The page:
Having outlined the key features of Smart TV technology, SeungJin Lee is now focusing on reverse-engineering its exploitable components for the attack purpose.I’m going to talk about the Smart TV attack vectors (see right-hand image). I want to say that Smart TV has almost the same attack vectors as smartphone has. I categorized 4 attack vectors. One of them is a hacker who uploads malicious apps to the app market. Smart TV has a market like Android has Google Play and iOS has App store, things like that. It has its own market. There are other vectors as well, I will talk about this in more detail later. How do I start research (see right-hand image) on Smart TV? It’s pretty much the same when you do it on mobile devices. For example, when you do research on Android or iOS, you’ve got to root it first so that you could understand the internals, so that you could test stuff you want. This is the same, even though the Smart TV uses Linux, but the vendors don’t give us any shell, so you can’t access the box. So we’ve got to find a way to get a shell from Smart TV. First I tried to download the firmware for my Smart TV model, but the problem was that at the time my Smart TV was very new, so the Samygo site didn’t have any information for my TV. So I decided to get it another way (see left-hand image). As I told you, the Smart TV binaries are very huge, which means that even though there are older versions of firmware, there must be a lot of same code between the older version and the later version. I just downloaded the older firmware and started to analyze the binaries. You have IDA, which supports ARM architecture as well, which means you could do static analysis using IDA. But I wanted to go an easier way, so I decided to use UART. Actually UART is pretty basic hardware. Why I tried to use UART is that normally embedded developers make a lot of debug messages in the code. It usually goes to UART port, because many embedded systems don’t have monitors, so if you put UART port and if you redirect messages to your box, you can see all the messages which developers made. Of course, we need to do reverse engineering. If you find some strings, that means it’s a lot easier to do reverse engineering, because these binaries are very huge. And you see some exception messages when you do some memory correction down the box, like buffer overflow, things like that. By default the UART mode is disabled, so you’ve got to make it enabled before using UART (see left-hand image). There are two ways to get into Service Mode. I had to take the second one, because the first one doesn’t have Advanced Mode; only Advanced Mode has the option of enabling UART. Usually normal remote controller doesn’t have info or factory key, so you’ve got to generate the key yourself (see leftmost image below). You see 0x1f and 0x3b that match the info and factory. I got this from Samygo, by the way, so you program this and you send it via, like – yeah, I made this one – this (see middle image below) is for sending IR signals. I used Arduino. You see that Advanced Mode and UART are enabled. So, some configuration (rightmost image below).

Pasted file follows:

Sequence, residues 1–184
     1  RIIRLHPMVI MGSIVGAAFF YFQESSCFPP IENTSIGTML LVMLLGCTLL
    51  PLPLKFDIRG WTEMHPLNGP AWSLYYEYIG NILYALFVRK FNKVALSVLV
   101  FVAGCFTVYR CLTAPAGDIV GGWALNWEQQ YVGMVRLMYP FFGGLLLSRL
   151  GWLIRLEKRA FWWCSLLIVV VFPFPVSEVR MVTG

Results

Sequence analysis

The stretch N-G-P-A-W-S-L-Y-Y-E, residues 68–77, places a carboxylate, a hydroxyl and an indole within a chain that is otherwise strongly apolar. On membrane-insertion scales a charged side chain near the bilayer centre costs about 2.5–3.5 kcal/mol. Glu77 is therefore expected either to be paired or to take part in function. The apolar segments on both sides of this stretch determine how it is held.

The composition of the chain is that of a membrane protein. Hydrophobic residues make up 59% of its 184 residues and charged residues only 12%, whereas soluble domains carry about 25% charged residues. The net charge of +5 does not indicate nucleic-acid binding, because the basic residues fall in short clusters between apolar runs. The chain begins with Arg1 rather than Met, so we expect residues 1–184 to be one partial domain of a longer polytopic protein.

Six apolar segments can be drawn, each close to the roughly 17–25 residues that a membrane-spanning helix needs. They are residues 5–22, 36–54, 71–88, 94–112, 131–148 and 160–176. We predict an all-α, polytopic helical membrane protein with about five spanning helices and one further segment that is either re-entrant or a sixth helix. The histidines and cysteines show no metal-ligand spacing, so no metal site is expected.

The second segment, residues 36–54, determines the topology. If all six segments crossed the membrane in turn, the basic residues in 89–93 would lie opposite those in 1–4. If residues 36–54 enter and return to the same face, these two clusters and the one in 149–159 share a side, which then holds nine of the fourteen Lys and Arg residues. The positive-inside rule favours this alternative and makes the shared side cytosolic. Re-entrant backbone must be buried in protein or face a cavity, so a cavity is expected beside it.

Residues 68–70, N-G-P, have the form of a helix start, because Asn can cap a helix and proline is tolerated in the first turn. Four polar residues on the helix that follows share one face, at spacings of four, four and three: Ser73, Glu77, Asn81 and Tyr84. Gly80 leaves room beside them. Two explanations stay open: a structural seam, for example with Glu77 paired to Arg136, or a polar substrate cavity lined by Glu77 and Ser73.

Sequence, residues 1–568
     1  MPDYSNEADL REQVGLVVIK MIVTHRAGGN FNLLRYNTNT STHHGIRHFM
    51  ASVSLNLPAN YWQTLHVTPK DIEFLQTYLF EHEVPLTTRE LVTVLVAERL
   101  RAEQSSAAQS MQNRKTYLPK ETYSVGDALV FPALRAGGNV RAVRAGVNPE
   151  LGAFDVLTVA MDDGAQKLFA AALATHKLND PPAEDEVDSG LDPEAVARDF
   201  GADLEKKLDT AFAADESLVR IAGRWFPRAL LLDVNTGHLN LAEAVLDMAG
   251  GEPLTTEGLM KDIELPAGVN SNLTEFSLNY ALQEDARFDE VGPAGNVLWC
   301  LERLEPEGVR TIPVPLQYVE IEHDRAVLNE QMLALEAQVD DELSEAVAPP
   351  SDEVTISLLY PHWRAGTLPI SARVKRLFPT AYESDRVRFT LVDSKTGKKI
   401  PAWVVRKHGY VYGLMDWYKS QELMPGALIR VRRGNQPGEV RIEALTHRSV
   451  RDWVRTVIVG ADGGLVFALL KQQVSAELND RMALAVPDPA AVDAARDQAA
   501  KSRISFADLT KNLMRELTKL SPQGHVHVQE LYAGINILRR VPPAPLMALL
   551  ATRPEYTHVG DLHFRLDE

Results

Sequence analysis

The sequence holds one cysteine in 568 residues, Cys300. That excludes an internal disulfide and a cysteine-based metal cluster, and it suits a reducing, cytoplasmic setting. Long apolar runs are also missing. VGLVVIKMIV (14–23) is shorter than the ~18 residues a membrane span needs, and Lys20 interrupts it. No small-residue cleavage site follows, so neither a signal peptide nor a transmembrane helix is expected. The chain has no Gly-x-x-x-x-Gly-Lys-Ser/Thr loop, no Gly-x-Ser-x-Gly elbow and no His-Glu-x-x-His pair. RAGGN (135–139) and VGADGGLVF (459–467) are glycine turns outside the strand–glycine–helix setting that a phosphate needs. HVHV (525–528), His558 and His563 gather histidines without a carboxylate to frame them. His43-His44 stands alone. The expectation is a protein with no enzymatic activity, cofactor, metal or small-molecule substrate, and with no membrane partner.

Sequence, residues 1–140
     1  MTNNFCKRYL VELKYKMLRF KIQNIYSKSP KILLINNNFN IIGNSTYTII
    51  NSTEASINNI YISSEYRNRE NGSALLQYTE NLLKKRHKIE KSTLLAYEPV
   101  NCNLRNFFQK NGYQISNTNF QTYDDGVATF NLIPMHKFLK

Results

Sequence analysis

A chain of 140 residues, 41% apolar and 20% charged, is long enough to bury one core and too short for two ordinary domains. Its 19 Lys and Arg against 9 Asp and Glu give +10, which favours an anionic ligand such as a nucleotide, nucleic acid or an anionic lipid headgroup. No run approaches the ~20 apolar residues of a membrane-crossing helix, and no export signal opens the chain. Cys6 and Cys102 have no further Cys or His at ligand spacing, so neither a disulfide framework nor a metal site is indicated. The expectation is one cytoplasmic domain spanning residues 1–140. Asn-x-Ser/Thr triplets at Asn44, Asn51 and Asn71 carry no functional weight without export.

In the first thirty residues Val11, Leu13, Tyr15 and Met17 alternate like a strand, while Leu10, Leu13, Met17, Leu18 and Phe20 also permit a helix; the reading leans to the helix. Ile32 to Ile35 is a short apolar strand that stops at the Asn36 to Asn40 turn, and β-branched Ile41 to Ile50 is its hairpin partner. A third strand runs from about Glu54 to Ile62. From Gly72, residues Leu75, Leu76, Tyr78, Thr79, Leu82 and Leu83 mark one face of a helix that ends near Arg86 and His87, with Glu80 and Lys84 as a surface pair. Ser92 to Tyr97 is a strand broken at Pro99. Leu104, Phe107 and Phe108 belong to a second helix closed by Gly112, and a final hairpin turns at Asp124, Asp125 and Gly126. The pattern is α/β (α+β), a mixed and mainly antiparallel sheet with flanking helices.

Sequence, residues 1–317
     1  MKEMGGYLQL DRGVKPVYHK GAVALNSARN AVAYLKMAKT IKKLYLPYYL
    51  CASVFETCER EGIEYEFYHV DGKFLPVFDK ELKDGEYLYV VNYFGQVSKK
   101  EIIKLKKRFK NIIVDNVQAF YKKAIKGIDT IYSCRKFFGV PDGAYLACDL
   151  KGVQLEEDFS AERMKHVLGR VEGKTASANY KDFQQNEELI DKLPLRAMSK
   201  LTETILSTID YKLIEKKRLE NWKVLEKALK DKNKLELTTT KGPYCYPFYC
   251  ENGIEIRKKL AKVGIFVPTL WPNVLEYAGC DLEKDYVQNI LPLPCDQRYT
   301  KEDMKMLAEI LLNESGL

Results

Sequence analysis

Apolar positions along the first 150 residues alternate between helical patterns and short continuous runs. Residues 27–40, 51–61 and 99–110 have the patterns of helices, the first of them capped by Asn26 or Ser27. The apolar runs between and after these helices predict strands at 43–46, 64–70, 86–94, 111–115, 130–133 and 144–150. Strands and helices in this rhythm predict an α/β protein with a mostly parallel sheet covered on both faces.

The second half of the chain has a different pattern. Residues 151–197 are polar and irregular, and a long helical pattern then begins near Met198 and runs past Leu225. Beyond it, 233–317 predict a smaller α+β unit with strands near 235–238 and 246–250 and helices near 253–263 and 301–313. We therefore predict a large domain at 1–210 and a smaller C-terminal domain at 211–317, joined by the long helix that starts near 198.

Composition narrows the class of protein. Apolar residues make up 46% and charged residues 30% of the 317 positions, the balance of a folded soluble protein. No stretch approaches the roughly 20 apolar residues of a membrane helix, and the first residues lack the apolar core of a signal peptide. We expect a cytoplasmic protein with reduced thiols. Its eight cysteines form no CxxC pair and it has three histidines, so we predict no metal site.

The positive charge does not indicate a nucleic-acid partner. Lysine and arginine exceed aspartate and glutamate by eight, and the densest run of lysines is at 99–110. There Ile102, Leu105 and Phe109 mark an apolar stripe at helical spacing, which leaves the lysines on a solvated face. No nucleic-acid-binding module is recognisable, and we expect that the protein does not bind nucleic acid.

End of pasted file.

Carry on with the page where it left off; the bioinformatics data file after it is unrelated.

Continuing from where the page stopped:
The problem is that they don’t have sandbox, so if there is any vulnerable API, it’s all gone, because you see that every application is running as root privilege, so if there is any single API bug, you would get root privilege on the box.
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